Chris Wallace’s plan to bring Hollywood production quality to web3

Clovis McEvoy
March 16, 2023
“I wanted to explore this new, challenging area of technology and design, to be willing to fail, to dig into something exciting” — Chris Wallace

Exploring environmental issues through decentralised storytelling, Chris Wallace has brought a fresh take to web3 with his Woodies community. He speaks to Leo Nasskau about why decentralised IP is going to transform entertainment and why crypto art is a grail worth protecting. Clovis McEvoy tells the story.

A new entertainment industry is taking shape, and Chris Wallace is in the vanguard. Since founding UltraDAO in 2021, he’s helped build one of web3’s most dynamic artist collectives and steered the creation of Woodies, a generative PFP project setting the bar for collaborative storytelling. “For me, this has all felt kind of natural,” Chris says of his journey so far. “All of my skills fit into web3 and tie into my background as a technologist and as a designer.”

Rewind a handful of years, and Chris was running his own traditional design business. While the company was successful, he recalls feeling an increasing amount of creative frustration in the lead-up to 2021. “You can’t really experiment,” he says. “Clients don’t want you to experiment because they want results — not the journey. But I find that often it’s that experimentation which gets you those results.”

“Clients don’t want you to experiment because they want results.”

— Chris Wallace

After being introduced to Foundation by a fellow designer, Chris says he quickly “fell in love” with the NFT marketplace, quickly moving to collect and mint his own art on the platform. The cultural difference, in terms of what was permitted and what could succeed, was so great that he chose to leave traditional design behind and focus entirely on building in the wide-open spaces of web3. “I wanted to explore this new, challenging area of technology and design, to be willing to fail, to dig into something exciting,” he reflects.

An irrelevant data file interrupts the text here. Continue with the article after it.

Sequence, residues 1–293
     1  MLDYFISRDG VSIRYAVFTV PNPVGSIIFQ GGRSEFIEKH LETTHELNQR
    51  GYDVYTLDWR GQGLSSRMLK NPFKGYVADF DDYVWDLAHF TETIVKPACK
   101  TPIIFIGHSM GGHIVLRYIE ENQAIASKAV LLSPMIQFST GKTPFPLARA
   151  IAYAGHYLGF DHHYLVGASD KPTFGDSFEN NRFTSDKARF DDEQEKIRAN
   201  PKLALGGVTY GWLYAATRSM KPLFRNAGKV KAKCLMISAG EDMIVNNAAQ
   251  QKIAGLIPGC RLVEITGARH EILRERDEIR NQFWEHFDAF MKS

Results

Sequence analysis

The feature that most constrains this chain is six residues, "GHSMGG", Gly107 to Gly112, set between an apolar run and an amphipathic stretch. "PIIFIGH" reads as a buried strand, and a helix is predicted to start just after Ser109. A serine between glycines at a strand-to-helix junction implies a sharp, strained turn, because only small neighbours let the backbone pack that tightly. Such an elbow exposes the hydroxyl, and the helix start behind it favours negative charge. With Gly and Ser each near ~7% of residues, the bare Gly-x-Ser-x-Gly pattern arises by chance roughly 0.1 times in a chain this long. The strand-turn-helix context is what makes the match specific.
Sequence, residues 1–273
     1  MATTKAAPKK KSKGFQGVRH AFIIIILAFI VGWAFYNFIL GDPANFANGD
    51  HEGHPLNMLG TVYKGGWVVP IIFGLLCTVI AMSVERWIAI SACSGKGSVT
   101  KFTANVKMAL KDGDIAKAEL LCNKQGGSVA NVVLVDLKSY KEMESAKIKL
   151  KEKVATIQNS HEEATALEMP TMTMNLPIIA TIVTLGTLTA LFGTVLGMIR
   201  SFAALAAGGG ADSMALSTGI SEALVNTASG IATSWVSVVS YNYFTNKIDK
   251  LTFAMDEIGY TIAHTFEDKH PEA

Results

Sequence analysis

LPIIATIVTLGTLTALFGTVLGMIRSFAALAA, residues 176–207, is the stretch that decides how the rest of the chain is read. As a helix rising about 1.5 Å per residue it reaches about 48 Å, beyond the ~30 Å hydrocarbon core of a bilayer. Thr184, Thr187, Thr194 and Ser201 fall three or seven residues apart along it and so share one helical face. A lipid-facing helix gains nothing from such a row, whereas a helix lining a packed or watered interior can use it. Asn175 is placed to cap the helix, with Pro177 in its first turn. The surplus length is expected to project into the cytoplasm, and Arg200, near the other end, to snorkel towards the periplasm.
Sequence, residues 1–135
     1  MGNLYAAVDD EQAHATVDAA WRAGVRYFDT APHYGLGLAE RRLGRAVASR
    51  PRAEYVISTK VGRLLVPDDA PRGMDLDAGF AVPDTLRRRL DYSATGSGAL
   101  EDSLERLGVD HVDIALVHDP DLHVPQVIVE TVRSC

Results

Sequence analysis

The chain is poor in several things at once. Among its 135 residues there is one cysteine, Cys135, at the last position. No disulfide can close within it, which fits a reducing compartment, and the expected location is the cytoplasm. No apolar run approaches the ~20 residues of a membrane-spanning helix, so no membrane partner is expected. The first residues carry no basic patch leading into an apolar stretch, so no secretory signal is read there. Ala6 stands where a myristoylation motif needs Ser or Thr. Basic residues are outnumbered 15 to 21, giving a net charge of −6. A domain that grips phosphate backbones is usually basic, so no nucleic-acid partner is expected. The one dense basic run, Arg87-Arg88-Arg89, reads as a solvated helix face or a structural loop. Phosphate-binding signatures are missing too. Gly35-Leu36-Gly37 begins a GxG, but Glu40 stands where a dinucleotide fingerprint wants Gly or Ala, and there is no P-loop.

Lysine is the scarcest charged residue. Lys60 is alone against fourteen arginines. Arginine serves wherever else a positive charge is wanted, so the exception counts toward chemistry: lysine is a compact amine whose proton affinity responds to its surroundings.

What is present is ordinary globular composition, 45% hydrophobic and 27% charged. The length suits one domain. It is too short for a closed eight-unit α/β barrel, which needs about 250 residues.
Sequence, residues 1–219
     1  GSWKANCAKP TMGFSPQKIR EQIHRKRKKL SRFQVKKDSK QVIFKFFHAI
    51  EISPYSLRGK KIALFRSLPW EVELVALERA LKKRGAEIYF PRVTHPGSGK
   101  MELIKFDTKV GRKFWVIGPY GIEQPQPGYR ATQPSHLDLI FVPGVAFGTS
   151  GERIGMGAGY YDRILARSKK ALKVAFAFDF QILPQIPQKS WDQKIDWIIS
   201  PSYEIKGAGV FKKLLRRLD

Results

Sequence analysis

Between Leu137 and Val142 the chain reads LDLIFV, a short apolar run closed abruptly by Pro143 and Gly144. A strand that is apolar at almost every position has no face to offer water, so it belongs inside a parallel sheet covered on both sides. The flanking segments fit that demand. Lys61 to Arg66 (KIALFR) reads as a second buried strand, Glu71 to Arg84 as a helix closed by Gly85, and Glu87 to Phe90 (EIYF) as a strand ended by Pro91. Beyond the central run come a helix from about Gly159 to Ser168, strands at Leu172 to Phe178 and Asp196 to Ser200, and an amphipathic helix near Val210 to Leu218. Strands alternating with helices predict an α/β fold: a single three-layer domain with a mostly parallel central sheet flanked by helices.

The fruits of that exploration first came with UltraDAO, an artist collective built on a foundation of decentralised ownership. The group originally set out to purchase what they saw as culturally significant NFT artworks, with members holding fractional ownership of the DAO’s art collection and cryptocurrency reserves. However, it wasn’t long before the group decided to create their own intellectual property.

One of the generative artworks curated by UltraDAO. Part of Daïm Aggott-Hönsch's 500-piece Isles upon Deemed Rivers & Other Wonders collection.

Woodies, a 10K generative PFP project, was the first major storytelling initiative to come from the UltraDAO community. Comprising seven core characters and thousands of others — each individually owned by members of the community and others around the world —, Woodies tells a story of environmentalism versus business. The project released a three minute teaser last September that has since racked up half a million views on YouTube. “We had a big team working on it,” Chris recalls, noting that the community’s ambitions run far larger. “It is a collaborative effort from multiple artists and team members who have all come together.”

Setting the collection apart from other PFP projects of that early, excited era was its strong focus on environmental narratives and lore building. “We had a generative collection, with over 900 different traits generated at mint, but then we also had core characters who were released in a separate collection and raffled off to people holding a mint pass,” Chris explains.

Those core characters, or rather, their owners, have shaped the narrative together. With storyboards iterated online by a core group of passionate contributors from around the world — rather than industry pro’s working on ‘the next job’ —, Woodies Origin shows just how much potential decentralised storytelling has. With visual production values worthy of Hollywood, a scored soundtrack recorded with full orchestra, and an emotive message of environmental conservation, the film feels like a high-water mark for web3 entertainment.